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Singleton molecular species delimitation based on COI-5P barcode sequences revealed high cryptic/undescribed diversity for Chinese katydids (Orthoptera: Tettigoniidae).



DNA barcoding has been developed as a useful tool for species discrimination. Several sequence-based species delimitation methods, such as Barcode Index Number (BIN), REfined Single Linkage (RESL), Automatic Barcode Gap Discovery (ABGD), a Java program uses an explicit, determinate algorithm to define Molecular Operational Taxonomic Unit (jMOTU), Generalized Mixed Yule Coalescent (GMYC), and Bayesian implementation of the Poisson Tree Processes model (bPTP), were used. Our aim was to estimate Chinese katydid biodiversity using standard DNA barcode cytochrome c oxidase subunit I (COI-5P) sequences.


Detection of a barcoding gap by similarity-based analyses and clustering-base analyses indicated that 131 identified morphological species (morphospecies) were assigned to 196 BINs and were divided into four categories: (i) MATCH (83/131 = 64.89%), morphospecies were a perfect match between morphospecies and BINs (including 61 concordant BINs and 22 singleton BINs); (ii) MERGE (14/131 = 10.69%), morphospecies shared its unique BIN with other species; (iii) SPLIT (33/131 = 25.19%, when 22 singleton species were excluded, it rose to 33/109 = 30.28%), morphospecies were placed in more than one BIN; (iv) MIXTURE (4/131 = 5.34%), morphospecies showed a more complex partition involving both a merge and a split. Neighbor-joining (NJ) analyses showed that nearly all BINs and most morphospecies formed monophyletic cluster with little variation. The molecular operational taxonomic units (MOTUs) were defined considering only the more inclusive clades found by at least four of seven species delimitation methods. Our results robustly supported 61 of 109 (55.96%) morphospecies represented by more than one specimen, 159 of 213 (74.65%) concordant BINs, and 3 of 8 (37.5%) discordant BINs.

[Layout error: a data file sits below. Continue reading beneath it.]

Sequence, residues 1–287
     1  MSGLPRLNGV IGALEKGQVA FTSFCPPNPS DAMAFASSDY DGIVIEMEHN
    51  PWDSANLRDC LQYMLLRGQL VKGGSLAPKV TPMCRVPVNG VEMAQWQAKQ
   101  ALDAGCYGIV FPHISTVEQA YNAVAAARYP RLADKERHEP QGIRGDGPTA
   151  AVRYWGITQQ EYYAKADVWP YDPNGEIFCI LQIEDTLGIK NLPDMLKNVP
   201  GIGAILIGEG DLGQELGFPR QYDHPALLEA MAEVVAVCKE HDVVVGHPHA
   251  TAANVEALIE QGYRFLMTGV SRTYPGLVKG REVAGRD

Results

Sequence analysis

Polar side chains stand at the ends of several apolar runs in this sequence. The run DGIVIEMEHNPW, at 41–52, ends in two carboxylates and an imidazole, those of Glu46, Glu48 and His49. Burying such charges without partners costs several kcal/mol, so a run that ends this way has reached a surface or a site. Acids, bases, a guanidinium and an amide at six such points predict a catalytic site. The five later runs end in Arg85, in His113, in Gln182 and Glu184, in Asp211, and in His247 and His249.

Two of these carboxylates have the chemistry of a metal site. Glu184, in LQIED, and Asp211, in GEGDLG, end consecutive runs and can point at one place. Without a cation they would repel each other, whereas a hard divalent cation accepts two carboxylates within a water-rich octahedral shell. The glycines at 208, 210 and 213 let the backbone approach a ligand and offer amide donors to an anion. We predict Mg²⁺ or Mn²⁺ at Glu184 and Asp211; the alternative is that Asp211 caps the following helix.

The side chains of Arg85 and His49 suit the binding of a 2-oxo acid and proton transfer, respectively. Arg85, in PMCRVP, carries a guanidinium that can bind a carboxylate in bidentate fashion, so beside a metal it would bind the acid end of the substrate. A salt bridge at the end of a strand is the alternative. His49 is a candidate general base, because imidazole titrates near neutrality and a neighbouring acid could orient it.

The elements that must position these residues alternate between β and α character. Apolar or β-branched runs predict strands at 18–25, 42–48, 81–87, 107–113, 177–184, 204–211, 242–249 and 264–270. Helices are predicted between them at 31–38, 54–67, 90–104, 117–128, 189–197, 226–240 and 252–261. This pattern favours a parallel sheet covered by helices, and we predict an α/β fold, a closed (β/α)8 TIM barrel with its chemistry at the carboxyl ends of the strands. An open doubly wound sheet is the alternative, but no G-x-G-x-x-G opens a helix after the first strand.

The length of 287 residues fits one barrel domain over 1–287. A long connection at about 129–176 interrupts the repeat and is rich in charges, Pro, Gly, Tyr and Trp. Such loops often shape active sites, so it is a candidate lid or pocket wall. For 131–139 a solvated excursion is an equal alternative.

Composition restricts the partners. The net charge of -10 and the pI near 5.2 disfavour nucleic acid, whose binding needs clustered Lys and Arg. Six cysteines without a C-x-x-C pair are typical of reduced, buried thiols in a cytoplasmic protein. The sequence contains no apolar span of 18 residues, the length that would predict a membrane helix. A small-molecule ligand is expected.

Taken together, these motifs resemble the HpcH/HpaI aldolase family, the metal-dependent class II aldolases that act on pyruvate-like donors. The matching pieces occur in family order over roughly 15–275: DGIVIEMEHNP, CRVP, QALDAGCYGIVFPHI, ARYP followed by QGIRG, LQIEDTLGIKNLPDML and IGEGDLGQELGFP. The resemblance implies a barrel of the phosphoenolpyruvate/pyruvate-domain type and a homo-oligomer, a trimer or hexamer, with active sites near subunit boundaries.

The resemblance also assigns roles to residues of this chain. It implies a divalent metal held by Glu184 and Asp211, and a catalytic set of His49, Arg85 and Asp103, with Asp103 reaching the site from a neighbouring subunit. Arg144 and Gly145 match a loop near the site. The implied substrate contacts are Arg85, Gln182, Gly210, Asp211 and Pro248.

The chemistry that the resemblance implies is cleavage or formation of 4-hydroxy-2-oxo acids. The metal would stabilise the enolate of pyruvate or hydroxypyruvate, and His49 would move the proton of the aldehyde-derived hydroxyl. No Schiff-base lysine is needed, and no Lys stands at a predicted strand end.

Molecular species delimitation analyses generated a larger number of MOTUs compared with morphospecies. If these MOTU splits are proven to be true, Chinese katydids probably contain a seemingly large proportion of cryptic/undescribed taxa. Future amplification of additional molecular markers, particularly from the nuclear DNA, may be especially useful for specimens that were identified here as problematic taxa.

PROVIDER: S-EPMC6419471 | BioStudies |

REPOSITORIES: biostudies

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